Wednesday, July 11, 2012

Why closed-mindedness is an imperative for the left.


I might call it understanding where Debbie Downer is coming from.



"Don't repeat conservative language or ideas, even when arguing against them."

That bit of advice, No. 1 on a list titled "The 10 Most Important Things Democrats Should Know," comes from the promotional material for "The Little Blue Book: The Essential Guide to Thinking and Talking Democratic" by George Lakoff and Elisabeth Wehling.

Many politicians, pundits and talking heads have taken Lakoff's recommendation to heart. This is why conservatives and liberals can't seem to have the simplest conversation: liberals intentionally refuse to address or even acknowledge what conservatives say. Since (as Lakoff notes) conservatives invariably frame their own statements within their own conservative "moral frames," every time a conservative speaks, his liberal opponent will seemingly ignore what was said and instead come back with a reply literally [sic] out of left field.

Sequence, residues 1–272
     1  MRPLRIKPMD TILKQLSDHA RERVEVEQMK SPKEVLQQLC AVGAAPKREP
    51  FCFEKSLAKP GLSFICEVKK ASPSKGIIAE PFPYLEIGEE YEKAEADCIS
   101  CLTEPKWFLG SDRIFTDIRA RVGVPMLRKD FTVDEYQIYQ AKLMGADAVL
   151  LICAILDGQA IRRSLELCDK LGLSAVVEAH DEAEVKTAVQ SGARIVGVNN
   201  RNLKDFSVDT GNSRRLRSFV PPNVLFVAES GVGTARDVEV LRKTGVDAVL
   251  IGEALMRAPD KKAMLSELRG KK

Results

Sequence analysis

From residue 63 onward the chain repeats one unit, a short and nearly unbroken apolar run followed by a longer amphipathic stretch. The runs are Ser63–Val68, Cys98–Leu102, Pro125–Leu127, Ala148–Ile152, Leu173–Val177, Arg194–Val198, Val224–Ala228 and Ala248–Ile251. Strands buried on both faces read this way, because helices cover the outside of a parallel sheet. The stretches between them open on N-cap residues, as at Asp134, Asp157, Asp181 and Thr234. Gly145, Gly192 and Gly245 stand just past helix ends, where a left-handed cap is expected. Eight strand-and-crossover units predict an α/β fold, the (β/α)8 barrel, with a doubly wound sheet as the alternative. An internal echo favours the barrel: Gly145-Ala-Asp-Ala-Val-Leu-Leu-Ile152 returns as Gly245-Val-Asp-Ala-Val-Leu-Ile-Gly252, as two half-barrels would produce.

Thus, he is the progenitor of and primary advocate for the main reason why liberalism fails to win the public debate: Because it never directly confronts, disproves or negates conservative notions--it simply ignores them. . . .

By intentionally refusing to challenge, disprove, understand or even acknowledge the existence of the other side's argument, you allow that argument to grow in strength and win converts.

This is an important insight, not only into the way the left debates and otherwise communicates, but into the way the left thinks--or fails to think. The book's subtitle, after all, promises an instruction in "Thinking and Talking Democratic." Lakoff and Wehling command their readers not only to act as if opposing arguments are without merit, but to close their minds to those arguments. What comes across to conservatives as a maddening arrogance is actually willed ignorance.

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